Bring Back The Free Market To Gas Prices
Lawrence Solomon writes in the Financial Post:
There actually is a silver bullet, and it would lower gas costs … for the U.S. and the rest of the industrialized world. The silver bullet is a free market in gasoline, something that was abandoned almost a century ago, when the auto industry convinced governments to finance roads through a gasoline tax, and something that subsequent government interventions have further distorted. A return to a free market would not only dramatically raise the supply of gasoline, as the Republicans claim, but would also reduce the demand, as many Democrats desire. The combination of higher supply and lower demand would whiplash gasoline prices downward.
Step one in restoring a free market in gasoline is removing its punishing taxes — levies of about 40¢ per gallon in the U.S. over and above the sales taxes that normally apply and much more in Canada and Europe. The road-building rationale for these extraordinary taxes will soon be ending in any case, both because governments now realize that they won’t be able to raise enough money in future through gas taxes to meet motorists’ needs and because modern toll road technology allows for true user fees for roads, based on the specific costs of using specific roads. When consumers pay for their gasoline at the pump, they should be charged the market price for gasoline, no more no less.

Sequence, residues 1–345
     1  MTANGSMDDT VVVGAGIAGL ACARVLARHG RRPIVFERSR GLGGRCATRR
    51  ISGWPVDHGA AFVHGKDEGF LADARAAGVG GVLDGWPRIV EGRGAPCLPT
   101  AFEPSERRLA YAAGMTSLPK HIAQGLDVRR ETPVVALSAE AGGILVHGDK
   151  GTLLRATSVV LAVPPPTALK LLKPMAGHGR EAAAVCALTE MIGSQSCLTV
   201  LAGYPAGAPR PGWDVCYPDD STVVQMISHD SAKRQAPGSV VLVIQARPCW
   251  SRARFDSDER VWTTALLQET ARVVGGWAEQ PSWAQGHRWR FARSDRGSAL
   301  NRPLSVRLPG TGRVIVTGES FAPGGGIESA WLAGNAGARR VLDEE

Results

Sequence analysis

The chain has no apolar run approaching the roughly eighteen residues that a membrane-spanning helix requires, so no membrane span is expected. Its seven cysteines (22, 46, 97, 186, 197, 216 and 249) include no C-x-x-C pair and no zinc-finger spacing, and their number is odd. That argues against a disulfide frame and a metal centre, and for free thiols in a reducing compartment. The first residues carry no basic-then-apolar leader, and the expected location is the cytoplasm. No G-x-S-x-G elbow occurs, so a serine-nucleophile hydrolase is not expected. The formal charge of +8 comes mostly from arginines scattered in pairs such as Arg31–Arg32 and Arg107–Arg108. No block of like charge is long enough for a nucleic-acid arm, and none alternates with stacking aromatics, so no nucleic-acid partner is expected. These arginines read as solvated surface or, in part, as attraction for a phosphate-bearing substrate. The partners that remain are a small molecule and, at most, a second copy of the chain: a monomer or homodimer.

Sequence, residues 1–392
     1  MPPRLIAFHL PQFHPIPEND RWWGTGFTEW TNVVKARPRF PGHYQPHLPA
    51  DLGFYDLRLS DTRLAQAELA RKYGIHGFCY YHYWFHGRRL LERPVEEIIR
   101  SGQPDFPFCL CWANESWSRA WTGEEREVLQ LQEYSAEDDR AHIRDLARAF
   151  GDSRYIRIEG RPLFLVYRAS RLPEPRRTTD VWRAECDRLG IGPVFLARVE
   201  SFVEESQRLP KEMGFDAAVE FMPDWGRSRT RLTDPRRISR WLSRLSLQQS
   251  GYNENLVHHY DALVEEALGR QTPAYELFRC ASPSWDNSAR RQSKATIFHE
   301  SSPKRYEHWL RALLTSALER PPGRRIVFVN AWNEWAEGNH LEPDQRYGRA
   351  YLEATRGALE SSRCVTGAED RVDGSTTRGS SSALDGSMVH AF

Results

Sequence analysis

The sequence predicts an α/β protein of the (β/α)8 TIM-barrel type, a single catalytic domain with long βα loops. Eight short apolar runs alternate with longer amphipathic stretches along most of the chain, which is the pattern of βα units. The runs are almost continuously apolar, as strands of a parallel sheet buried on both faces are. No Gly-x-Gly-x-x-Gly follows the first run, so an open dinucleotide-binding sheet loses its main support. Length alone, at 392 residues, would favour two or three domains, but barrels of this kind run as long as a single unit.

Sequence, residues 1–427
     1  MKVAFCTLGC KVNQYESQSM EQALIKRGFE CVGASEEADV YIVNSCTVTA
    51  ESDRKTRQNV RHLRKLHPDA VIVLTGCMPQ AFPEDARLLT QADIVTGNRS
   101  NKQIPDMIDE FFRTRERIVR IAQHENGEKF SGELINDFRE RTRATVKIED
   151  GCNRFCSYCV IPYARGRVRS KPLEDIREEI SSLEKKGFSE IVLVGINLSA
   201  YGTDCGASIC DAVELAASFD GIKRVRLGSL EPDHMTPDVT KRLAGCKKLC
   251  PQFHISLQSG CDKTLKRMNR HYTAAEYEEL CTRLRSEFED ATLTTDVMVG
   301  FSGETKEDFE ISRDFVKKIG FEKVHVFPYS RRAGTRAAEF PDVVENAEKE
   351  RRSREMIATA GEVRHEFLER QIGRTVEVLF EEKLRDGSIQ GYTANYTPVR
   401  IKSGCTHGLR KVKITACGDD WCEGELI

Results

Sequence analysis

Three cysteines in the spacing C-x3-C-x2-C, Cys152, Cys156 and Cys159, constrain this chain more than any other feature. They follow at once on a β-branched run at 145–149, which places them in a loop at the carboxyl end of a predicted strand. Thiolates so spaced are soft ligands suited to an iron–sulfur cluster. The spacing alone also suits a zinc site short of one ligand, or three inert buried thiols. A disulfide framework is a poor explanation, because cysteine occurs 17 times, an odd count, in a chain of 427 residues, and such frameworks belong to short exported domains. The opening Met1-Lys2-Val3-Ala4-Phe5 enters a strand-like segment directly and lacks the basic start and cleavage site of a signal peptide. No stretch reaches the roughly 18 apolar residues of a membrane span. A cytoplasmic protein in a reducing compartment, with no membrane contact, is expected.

Unbundling the cost of gasoline from road use would enable the law of supply and demand to function. Once each new road is financed on the basis of its ability to pay its own way, rather than from a pot of gas taxes that becomes dispensed politically, road building will become rational. Uneconomic roads won’t be built, resulting in less sprawl-related demand for gasoline. And because tolled roads tend to be free flowing — the price of driving increases as necessary to reduce congestion — less fuel is wasted in stop-and-start traffic. Tolled roads also reduce demand for gasoline by encouraging drivers to use their cars more sparingly — in tolled parts of London, for example, public transit use is up, walking is up, bicycling is up, taxi use is up, ride sharing is up and unnecessary trips are down as drivers, faced with more accurate pricing, reassess the costs and benefits of driving versus other modes of travel. As experience around the world shows, when consumers face unbundled price signals and better appreciate the cost of each mile travelled, they tend to drive less. Tolls discourage needless driving much better than gas taxes do.
A map of gasoline excise taxes per gallon in the USA.